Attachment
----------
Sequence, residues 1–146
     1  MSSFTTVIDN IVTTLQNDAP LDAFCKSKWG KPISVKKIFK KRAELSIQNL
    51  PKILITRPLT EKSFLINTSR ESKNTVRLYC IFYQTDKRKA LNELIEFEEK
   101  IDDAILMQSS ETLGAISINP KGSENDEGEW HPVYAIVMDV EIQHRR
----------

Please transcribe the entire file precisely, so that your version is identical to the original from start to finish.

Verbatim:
Sequence, residues 1–146
     1  MSSFTTVIDN IVTTLQNDAP LDAFCKSKWG KPISVKKIFK KRAELSIQNL
    51  PKILITRPLT EKSFLINTSR ESKNTVRLYC IFYQTDKRKA LNELIEFEEK
   101  IDDAILMQSS ETLGAISINP KGSENDEGEW HPVYAIVMDV EIQHRR